Body systems are groups of organs and tissues that work together to perform important jobs for the body. Some organs may be part of more than one body system, if they serve more than one function. All body systems are necessary for sustained life.
List of Body Systems
- Respiratory System – Allows gas exchange between cells and the environment. Includes trachea and lungs.
- Digestive System/Excretory System – Ingests food and breaks it down into usable nutrients. Excretes solid waste products. Includes the mouth, esophagus, stomach, and intestines.
- Cardiovascular/Circulatory System – Moves materials between body systems, including oxygen, nutrients, hormones, and waste products. Includes the heart, arteries, and veins.
- Renal System/Urinary System – Cleans dissolved waste products from the blood and excretes them. Includes kidneys and bladder.
- Endocrine System – Secrete chemical signals that allow body systems to act cooperatively as needed. Includes hormone-producing tissues of the pineal gland and pituitary gland in the brain; the thyroid gland; the adrenal glands; the pancreas; and the ovaries and testes.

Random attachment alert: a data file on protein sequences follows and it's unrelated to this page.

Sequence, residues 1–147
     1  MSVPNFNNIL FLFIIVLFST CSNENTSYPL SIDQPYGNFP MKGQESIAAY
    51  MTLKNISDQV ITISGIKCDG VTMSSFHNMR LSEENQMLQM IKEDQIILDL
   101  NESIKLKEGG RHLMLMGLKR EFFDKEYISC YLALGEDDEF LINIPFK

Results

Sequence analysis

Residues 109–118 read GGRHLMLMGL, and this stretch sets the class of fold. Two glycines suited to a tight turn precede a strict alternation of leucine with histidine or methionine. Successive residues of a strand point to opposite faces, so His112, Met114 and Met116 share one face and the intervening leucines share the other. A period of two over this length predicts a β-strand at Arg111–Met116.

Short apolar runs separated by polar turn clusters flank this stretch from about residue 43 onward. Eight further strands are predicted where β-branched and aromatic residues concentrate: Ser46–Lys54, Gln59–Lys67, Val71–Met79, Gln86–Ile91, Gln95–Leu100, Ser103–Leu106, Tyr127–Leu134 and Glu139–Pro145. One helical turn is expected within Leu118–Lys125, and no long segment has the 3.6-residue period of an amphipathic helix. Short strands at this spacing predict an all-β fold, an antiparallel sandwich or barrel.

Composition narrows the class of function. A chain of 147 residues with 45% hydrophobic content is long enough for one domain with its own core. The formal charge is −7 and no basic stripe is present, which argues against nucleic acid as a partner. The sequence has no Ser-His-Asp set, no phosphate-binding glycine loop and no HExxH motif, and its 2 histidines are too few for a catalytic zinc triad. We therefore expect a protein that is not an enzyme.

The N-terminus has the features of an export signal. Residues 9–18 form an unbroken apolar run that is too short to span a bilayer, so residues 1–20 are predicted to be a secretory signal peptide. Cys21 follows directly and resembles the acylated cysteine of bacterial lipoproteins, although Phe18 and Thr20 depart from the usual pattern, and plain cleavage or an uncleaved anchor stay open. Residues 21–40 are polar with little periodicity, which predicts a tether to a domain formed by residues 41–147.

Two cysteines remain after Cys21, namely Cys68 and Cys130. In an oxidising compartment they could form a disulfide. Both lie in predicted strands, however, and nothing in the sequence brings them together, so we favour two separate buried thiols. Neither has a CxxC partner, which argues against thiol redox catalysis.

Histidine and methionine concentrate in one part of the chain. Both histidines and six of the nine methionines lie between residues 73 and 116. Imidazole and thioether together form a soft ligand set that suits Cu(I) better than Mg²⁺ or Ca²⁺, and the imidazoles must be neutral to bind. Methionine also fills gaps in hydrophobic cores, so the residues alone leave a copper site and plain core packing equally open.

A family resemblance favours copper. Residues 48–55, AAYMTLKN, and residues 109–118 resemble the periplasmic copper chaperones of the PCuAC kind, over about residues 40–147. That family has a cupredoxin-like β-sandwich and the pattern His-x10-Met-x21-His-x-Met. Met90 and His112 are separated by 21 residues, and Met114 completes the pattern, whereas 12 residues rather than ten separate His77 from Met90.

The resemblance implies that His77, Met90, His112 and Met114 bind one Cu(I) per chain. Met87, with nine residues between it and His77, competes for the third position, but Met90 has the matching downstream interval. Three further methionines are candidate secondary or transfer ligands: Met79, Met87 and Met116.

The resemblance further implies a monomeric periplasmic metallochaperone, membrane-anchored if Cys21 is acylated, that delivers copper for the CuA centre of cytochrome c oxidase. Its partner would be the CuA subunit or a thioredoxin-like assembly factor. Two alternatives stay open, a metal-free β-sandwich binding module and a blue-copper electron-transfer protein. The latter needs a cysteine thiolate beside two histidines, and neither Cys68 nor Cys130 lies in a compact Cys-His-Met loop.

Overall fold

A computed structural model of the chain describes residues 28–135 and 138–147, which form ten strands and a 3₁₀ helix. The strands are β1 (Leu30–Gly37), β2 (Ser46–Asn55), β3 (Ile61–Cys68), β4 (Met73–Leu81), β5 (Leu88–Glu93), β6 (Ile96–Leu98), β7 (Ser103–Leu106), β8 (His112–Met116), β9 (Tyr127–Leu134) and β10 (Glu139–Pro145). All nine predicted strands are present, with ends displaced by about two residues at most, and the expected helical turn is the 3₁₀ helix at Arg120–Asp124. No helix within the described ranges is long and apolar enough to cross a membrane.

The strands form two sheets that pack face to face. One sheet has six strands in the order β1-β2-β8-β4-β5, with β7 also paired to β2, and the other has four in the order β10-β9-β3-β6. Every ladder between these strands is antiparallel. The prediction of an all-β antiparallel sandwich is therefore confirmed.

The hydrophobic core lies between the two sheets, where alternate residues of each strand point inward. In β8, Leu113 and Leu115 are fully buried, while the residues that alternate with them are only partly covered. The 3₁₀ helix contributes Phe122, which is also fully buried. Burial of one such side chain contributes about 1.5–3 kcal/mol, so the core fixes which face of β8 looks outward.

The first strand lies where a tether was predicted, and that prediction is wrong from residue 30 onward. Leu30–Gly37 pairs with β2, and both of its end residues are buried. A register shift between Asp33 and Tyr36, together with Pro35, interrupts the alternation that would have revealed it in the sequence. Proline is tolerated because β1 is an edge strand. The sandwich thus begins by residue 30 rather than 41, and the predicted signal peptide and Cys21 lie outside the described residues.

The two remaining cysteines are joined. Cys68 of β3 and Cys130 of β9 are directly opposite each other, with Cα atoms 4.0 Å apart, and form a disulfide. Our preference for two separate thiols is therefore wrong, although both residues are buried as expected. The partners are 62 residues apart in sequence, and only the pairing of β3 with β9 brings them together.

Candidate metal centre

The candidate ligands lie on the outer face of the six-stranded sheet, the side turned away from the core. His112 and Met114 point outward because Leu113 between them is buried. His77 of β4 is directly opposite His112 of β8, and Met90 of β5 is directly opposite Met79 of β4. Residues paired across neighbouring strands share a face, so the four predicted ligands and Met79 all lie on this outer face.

- Nervous System – Allows perception, emotion, thought, and rapid response to the environment. Includes brain and nerves.
- Musculoskeletal system – Allows the body to move on command.
- Integumentary System/Exocrine System – Covers the body and regulates its exchange with the outside world. Includes skin, hair, nails, sweat, and other glands which secrete substances onto the skin.
- Lymphatic System/Immune System – Fights infection. Includes lymphatic vessels which permeate the body.
- Reproductive System – Allows the production of offspring. Includes ovaries, uterus, mammary glands (breasts), penis, and testes.
Functions of Body Systems